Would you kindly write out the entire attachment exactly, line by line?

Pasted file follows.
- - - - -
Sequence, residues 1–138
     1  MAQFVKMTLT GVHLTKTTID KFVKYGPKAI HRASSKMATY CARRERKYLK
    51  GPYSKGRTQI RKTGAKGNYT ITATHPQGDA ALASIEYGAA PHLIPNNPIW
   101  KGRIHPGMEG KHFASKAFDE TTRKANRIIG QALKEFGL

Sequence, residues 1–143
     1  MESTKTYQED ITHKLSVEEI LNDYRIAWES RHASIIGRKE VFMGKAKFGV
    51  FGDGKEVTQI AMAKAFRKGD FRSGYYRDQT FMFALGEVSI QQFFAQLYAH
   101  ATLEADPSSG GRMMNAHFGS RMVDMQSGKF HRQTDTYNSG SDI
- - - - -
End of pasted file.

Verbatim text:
Sequence, residues 1–138
     1  MAQFVKMTLT GVHLTKTTID KFVKYGPKAI HRASSKMATY CARRERKYLK
    51  GPYSKGRTQI RKTGAKGNYT ITATHPQGDA ALASIEYGAA PHLIPNNPIW
   101  KGRIHPGMEG KHFASKAFDE TTRKANRIIG QALKEFGL

Sequence, residues 1–143
     1  MESTKTYQED ITHKLSVEEI LNDYRIAWES RHASIIGRKE VFMGKAKFGV
    51  FGDGKEVTQI AMAKAFRKGD FRSGYYRDQT FMFALGEVSI QQFFAQLYAH
   101  ATLEADPSSG GRMMNAHFGS RMVDMQSGKF HRQTDTYNSG SDI